The 2016 Preliminary Report of the ABI Task Force on Individual Chapter 11 (senior counsel to the firm Michael J. Guyerson was a Task Force Member) provides some interesting insights into the individual chapter 11 process,who is filing them and why they are being filed. Funding for the Study was provided by a grant from the ABI Anthony H.N. Schnelling Endowment Fund. The Final Report has yet to be published. The draft report is available on abi.org.
The study looked at chapter 11 cases filed in 2010 and 2013, over 6,666 individual cases filed in 78 judicial districts were examined and covered by the study. The Task Force choose to look at cases filed in 2010 because those cases were likely to have some quantifiable results; 2013 was selected because of the impact of the financial collapse of 2010 and the feeling that by 2013 that impact would be meaningful measured as well.
Some of the more interesting data of the study shows that 78 of 94 judicial districts accounted for more than 90% of all individual Chapter 11 filings with the number of individual chapter 11 filings varying greatly by district from a low of 1 case each in 2010 and 2013, respectively, for the Middle District of Louisiana to a high of 581 and 349 for 2010 and 2013, respectively, for the Central District of California. There were also significant numbers of individual Chapter 11 filings in other areas of the country, for example the Middle District of Florida and Nevada.
The study found that in 2013, a full 65.4% of all new chapter 11 filings were corporate filings, 31.25% fell into the individual chapter 11 category, 2.13% were partnerships and 1.25% were marked as other.
It is also interesting to note that, as the study found, the types of individuals filing for chapter 11 changed slightly from 2010 to 2013 with Real Estate related employment individuals begin at 8% in 2010 and rising to 10% in 2013. Professionals such as doctors, lawyers, and CPAs rose from 9% in 2010 to 13% in 2013. Owners, Manager, Executives remained the same for both periods at 24%, and the Self-Employed fell from 17% in 2010 to 13% in 2013.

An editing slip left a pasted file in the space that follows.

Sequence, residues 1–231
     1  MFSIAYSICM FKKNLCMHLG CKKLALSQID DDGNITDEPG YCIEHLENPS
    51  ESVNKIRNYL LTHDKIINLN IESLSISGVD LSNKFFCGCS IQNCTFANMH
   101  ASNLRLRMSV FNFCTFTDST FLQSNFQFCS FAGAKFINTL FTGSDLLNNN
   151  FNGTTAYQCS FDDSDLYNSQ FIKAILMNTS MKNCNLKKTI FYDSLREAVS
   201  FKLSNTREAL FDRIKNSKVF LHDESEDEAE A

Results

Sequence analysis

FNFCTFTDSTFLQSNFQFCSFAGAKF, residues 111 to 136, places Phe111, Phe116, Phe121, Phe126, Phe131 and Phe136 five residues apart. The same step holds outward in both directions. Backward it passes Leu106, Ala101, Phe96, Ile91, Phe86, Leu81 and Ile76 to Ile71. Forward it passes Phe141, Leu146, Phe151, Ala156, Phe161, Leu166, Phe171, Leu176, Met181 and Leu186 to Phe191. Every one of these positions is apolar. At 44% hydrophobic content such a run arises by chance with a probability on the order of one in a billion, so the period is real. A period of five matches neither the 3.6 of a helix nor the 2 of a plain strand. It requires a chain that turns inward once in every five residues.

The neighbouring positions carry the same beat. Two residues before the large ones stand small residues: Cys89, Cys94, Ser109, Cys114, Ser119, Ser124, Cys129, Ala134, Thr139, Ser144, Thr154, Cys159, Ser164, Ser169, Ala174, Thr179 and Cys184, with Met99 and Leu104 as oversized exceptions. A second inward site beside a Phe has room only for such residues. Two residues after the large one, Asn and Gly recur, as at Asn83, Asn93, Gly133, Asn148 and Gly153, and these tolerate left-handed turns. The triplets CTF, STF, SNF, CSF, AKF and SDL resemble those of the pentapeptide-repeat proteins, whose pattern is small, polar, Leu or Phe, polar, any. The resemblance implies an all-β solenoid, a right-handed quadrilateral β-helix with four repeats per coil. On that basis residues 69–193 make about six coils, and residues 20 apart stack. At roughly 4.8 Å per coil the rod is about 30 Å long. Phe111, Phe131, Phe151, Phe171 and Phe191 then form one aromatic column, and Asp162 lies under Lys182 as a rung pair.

The study also showed that while priority debt in general appeared to be relatively small and played a little role in the individual Chapter 11s examined, unpaid tax obligations were a common debt in many of the cases. Over half of the debtors listed tax obligations and approximately 28% of the debtors in each year disclosed total priority tax debts of more than $25,000, and in 2013 more than 20% disclosed tax debts more than $50,000.
Counsel might also note that few attorneys appear to specialize in individual Chapter 11s. The study revealed that 62 attorneys handled eleven or more individual Chapter 11 cases over the two years covered by the data (2010 and 2013). As the study found, a substantial majority of individual chapter 11 cases and filed by attorneys who had filed five or fewer petitions in 2010 and 2013 combined. By contrast, only around 21% of the cases were handled by attorneys who worked on eleven or more cases in 2010 and 2013 combined.
As for success or failure of filed individual chapter 11 cases, the study showed that the median time to conversion or dismissal for individual Chapter 11 cases was 293 days, about nine to ten months old on average. At about sixteen months, 75% of the individual Chapter 11 failures had failed and dismissed or converted. This compares to about 140 days for business related cases 11 cases to face dismissal or conversion.
The full study makes many more observations and conclusion that can be discussed in
this blog so please consult the full version of the report.